Course ComponentTutorial
Mode of TeachingAsynchronous
Meeting TimeN/A
Time ZoneN/A
RestrictionsMinimum of four semesters of college-level English.
Course Description This is a groundbreaking course produced internationally to help students from all disciplines learn and retain the core concepts of ocean health. Fundamentals of ocean science are taught by highly distinguished marine scientist in a comprehensive fashion while sharing the complexities to work with stakeholders looking for solutions for resource consumption and conservation of the marine realm. In each module students are encouraged to actively participate in the critical thinking group discussions and are required to present innovative assignments and a capstone project.
Course OutlineDownload
Number of Credits3
Offering DepartmentCollege of Social Sciences and Humanities
Course TeacherSabrina Guerra
Language of Instruction Spanish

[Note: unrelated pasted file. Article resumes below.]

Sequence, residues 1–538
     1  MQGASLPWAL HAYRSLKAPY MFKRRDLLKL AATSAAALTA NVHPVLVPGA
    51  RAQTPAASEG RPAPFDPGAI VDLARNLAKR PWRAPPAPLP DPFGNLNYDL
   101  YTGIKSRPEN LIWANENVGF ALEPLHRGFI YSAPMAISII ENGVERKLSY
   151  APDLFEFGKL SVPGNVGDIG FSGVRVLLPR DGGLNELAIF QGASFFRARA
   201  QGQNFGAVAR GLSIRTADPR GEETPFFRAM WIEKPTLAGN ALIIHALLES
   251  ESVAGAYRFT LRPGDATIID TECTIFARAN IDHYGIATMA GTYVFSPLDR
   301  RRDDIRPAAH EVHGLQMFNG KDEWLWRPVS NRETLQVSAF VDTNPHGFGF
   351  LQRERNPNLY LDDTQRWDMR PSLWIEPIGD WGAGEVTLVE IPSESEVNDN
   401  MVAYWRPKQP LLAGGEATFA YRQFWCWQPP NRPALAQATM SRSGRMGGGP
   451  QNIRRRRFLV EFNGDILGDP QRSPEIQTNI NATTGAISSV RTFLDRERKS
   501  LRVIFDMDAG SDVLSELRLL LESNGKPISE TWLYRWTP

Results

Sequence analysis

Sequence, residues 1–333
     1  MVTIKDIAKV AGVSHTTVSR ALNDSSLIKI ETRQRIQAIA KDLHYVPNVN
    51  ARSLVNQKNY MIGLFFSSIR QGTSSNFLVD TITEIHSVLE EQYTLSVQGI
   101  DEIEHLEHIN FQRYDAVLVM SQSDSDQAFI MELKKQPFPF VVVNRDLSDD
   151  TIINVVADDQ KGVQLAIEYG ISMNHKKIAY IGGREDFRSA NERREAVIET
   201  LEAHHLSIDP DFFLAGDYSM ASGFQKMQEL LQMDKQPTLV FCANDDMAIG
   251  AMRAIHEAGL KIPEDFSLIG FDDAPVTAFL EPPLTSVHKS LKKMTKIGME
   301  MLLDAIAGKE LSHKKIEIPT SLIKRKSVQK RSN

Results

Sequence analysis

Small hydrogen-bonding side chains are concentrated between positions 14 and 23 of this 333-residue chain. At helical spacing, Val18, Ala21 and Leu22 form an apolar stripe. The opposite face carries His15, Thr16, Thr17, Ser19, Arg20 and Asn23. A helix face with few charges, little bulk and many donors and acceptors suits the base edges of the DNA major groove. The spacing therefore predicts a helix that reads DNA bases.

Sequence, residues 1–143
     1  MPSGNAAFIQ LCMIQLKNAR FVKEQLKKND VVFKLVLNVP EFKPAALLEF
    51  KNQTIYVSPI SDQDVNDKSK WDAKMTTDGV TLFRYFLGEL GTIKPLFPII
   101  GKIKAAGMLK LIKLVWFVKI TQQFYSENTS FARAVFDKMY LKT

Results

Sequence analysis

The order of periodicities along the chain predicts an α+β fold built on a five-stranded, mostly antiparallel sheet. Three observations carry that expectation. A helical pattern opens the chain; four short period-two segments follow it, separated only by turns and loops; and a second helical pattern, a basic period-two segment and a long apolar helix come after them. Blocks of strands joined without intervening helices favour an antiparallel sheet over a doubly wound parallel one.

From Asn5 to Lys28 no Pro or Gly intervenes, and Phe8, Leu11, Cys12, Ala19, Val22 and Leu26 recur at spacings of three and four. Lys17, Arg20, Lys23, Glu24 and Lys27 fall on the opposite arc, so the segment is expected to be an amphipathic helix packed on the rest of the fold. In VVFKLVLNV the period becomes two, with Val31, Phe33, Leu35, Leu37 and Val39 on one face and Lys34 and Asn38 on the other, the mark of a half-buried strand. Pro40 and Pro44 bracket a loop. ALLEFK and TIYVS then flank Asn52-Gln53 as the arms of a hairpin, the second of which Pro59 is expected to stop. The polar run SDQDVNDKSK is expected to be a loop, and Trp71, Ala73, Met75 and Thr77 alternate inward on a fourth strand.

First Day of ClassOct 25, 2021
Last Day of ClassDec 19, 2021
Course ComponentTutorial
Mode of TeachingAsynchronous
Meeting TimeN/A
Time ZoneN/A
RestrictionsMinimum of four semesters of college-level Spanish.
Course Description The course of Andean History seeks to make a diachronic exploration of issues, phenomena, and issues that are common to the vast and complex landscape of "Andean World," or, rather, "the Andean Worlds." Because it would be too ambitious and homogenizing to try to chronologically or thematically cover the history of an entire region, with its many convergences and divergences, what this course offers is an analysis and synthesis of common themes and issues that somehow surpass any temporary or regional distinction. This historical inquiry will be made through the analysis of problems and case studies that allow us to connect these Andean transversal themes with our region nowadays. Liberal Arts Students can complete 40 hours of community work through this course if they take it as part of the major's general curriculum.